Early spring is a unique time for saltwater anglers; there is always something to do to get a tug on the end of the rod and to bring fish back home for dinner.
Nothing says spring like floating in the ocean with a bucketful of live fiddler crabs and hunting down sheepshead. The fishing fires off at nearshore reefs with big, fat sheepshead in big schools, and the collection of nearshore reefs off South Carolina’s Murrells Inlet is one of the true meccas for these striped fish.
Justin Whitten of Ambush Sport Fishing Charters cashes in on sheepshead every spring, and he doesn’t have to go very far from his home base to find them.
“Sheepshead push off to the nearshore reefs in winter when the water gets cold,” said Whitten (843-685-9910). “They move to the reefs to spawn and feed on barnacles.”
The waters off the Grand Strand offer numerous shipwrecks and artificial reefs. Most, if not all of the reefs, will hold sheepshead during winter and early spring, but some are better than others.
“I prefer the reefs in 30 to 40 feet of water,” he said. “They are a little further out, but they get less pressure from other fisherman compared to the reefs closer to the Inlet. The reefs with less pressure are the best ones to fish.”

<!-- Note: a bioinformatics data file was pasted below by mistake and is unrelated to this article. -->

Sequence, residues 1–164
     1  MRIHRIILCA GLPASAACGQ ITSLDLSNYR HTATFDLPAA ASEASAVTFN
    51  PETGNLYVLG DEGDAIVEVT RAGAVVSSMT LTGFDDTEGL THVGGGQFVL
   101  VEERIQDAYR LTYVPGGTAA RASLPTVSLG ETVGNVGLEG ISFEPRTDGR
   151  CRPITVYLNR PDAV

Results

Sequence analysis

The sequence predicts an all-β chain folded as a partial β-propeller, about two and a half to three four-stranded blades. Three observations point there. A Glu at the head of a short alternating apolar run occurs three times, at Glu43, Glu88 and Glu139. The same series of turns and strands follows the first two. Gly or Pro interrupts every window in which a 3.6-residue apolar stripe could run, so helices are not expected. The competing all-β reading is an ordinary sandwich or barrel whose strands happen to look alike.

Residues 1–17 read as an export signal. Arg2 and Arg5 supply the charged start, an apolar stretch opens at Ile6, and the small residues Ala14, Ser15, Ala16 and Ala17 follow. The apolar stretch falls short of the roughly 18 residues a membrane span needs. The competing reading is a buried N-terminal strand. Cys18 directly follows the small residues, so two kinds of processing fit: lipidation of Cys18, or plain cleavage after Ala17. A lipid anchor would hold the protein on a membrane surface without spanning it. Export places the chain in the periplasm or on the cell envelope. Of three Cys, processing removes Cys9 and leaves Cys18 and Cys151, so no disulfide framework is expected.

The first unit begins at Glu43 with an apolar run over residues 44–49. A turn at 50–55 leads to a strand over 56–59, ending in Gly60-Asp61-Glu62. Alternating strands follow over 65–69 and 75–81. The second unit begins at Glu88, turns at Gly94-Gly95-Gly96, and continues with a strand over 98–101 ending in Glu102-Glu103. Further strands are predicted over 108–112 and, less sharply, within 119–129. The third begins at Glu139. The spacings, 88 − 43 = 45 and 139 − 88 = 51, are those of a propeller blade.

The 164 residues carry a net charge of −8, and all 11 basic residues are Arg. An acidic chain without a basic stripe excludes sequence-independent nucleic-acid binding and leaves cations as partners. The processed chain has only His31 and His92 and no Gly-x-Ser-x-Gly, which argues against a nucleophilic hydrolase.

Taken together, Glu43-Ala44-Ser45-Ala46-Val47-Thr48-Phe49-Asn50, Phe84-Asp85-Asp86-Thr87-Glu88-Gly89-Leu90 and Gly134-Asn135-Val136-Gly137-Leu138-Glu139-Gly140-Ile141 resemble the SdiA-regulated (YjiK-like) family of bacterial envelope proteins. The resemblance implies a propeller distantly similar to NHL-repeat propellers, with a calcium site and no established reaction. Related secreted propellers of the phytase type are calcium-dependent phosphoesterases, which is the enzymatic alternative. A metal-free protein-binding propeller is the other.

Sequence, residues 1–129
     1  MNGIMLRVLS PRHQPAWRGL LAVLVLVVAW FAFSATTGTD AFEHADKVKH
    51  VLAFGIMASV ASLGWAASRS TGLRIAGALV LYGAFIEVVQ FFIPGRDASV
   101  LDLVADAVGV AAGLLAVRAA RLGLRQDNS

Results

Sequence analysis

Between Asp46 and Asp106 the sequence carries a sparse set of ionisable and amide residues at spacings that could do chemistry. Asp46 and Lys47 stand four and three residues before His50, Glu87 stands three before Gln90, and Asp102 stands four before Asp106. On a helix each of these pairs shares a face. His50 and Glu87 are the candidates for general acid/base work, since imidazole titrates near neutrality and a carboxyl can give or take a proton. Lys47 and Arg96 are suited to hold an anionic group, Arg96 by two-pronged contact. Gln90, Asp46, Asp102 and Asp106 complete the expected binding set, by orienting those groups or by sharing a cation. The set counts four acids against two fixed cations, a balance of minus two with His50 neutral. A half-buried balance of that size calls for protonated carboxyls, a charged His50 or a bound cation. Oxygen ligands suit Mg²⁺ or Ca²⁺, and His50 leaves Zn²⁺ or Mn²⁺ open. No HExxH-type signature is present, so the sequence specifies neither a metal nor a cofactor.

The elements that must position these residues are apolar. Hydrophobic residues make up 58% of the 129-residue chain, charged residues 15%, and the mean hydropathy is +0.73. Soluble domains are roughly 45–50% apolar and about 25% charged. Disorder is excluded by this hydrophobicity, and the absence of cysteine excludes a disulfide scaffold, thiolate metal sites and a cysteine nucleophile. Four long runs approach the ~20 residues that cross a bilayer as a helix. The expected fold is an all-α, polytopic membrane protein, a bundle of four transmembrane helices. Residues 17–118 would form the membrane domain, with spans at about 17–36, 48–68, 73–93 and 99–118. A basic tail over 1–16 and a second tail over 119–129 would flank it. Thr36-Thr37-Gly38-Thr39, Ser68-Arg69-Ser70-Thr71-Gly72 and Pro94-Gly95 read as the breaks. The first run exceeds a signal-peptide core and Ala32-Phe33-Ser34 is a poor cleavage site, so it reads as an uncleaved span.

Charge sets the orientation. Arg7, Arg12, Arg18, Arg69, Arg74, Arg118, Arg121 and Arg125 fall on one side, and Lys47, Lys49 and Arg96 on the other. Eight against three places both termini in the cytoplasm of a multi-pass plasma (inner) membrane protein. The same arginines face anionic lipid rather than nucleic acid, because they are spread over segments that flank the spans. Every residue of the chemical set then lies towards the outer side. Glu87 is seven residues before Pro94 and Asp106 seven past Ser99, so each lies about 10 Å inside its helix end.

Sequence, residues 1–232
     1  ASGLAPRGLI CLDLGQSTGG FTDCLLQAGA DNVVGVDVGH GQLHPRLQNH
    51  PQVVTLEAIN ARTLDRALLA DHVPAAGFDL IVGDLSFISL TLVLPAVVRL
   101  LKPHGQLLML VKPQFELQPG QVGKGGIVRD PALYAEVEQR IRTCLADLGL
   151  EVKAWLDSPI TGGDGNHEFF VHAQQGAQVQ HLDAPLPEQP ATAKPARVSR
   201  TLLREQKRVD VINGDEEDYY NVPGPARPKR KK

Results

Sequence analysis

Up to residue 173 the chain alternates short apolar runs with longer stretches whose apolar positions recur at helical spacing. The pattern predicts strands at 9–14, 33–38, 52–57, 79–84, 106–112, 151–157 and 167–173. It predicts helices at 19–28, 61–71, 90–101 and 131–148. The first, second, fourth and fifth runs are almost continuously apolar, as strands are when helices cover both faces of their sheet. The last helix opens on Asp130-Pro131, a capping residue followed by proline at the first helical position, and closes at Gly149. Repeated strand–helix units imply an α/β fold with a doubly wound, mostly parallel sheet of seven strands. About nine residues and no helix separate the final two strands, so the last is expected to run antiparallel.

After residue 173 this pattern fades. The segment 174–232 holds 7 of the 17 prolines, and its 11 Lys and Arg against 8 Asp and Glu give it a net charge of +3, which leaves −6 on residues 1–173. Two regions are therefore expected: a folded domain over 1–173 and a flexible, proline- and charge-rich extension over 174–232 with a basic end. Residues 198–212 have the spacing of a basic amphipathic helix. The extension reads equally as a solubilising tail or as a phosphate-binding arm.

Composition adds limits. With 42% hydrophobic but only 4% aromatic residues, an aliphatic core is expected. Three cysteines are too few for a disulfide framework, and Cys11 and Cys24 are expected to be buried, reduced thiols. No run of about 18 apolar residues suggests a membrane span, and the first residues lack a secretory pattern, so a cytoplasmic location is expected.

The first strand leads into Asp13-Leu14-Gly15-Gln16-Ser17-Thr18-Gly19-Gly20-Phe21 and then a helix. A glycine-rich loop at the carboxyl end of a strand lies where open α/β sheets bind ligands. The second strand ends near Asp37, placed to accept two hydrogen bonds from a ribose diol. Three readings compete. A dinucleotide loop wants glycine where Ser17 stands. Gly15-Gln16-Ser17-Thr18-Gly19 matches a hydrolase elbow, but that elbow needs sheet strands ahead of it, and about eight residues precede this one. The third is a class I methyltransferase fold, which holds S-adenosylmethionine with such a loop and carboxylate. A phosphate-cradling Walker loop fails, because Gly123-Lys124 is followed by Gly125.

Sheepshead at these reefs will frequently shift around from place to place within the vicinity of the reef structure. Whitten will start on one side and drop for 20 to 30 minutes, and if he doesn’t start lighting them on fire, he’ll quickly move to a different part of the reef.
“The fish will shift around the reef on different days,” Whitten said. “We must find them sometimes, and we will even drop down a camera and pan around to see them. The camera is the easiest way to find them, but the water isn’t always clean enough to see them.”
A high-definition sonar unit with down-scan and side-scan capabilities can also help find good structure, and even the fish themselves. If anglers lack a high-definition system, just about any unit can show vertical structure where these fish hang out.
But all reef structure isn’t created equal. Some sections are better than others.
“The biggest pieces of structure hold them better than the smaller pieces,” he said. “We scan the bottom and set up on the largest piece of structure available and then go from there.”
Sheepshead eat a variety of foods, including crustaceans, small fish and even squid. The bait of choice is a fiddler crab. Whitten hooks a fiddler to a No. 1 or 1/0 J-hook on a typical Carolina rig, with an egg sinker and 14 to 16 inches of leader.
The reefs can be full of sheepshead, but they will also have black sea bass and black drum, and they all will pounce on a fiddler crab when dropped on their dinner plate.
“Sheepshead definitely share the reefs with sea bass and some other fish. We often pick through the by-catch to get to the sheepshead, but we will catch some keeper-sized black drum, sea bass and even a few chunky tautog, too,” he said.
JOIN THE CLUB, get unlimited access for $2.99/month
Become the most informed Sportsman you know, with a membership to the Carolina Sportsman Magazine and CarolinaSportsman.com.